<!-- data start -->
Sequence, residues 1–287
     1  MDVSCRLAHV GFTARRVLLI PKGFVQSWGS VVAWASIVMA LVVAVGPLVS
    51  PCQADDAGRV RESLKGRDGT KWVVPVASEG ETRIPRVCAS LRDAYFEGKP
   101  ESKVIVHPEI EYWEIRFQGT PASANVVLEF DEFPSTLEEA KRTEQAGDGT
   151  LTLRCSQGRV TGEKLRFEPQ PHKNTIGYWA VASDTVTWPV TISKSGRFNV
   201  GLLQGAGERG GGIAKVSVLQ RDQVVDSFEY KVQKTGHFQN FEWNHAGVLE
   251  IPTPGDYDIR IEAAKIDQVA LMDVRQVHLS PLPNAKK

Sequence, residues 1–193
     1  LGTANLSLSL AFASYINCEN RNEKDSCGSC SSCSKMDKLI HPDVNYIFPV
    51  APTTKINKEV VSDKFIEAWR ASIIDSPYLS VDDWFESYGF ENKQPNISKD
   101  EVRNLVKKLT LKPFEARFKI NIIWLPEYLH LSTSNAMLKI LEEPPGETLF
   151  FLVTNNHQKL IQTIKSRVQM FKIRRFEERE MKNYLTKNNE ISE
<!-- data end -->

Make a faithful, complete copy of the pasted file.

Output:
Sequence, residues 1–287
     1  MDVSCRLAHV GFTARRVLLI PKGFVQSWGS VVAWASIVMA LVVAVGPLVS
    51  PCQADDAGRV RESLKGRDGT KWVVPVASEG ETRIPRVCAS LRDAYFEGKP
   101  ESKVIVHPEI EYWEIRFQGT PASANVVLEF DEFPSTLEEA KRTEQAGDGT
   151  LTLRCSQGRV TGEKLRFEPQ PHKNTIGYWA VASDTVTWPV TISKSGRFNV
   201  GLLQGAGERG GGIAKVSVLQ RDQVVDSFEY KVQKTGHFQN FEWNHAGVLE
   251  IPTPGDYDIR IEAAKIDQVA LMDVRQVHLS PLPNAKK

Sequence, residues 1–193
     1  LGTANLSLSL AFASYINCEN RNEKDSCGSC SSCSKMDKLI HPDVNYIFPV
    51  APTTKINKEV VSDKFIEAWR ASIIDSPYLS VDDWFESYGF ENKQPNISKD
   101  EVRNLVKKLT LKPFEARFKI NIIWLPEYLH LSTSNAMLKI LEEPPGETLF
   151  FLVTNNHQKL IQTIKSRVQM FKIRRFEERE MKNYLTKNNE ISE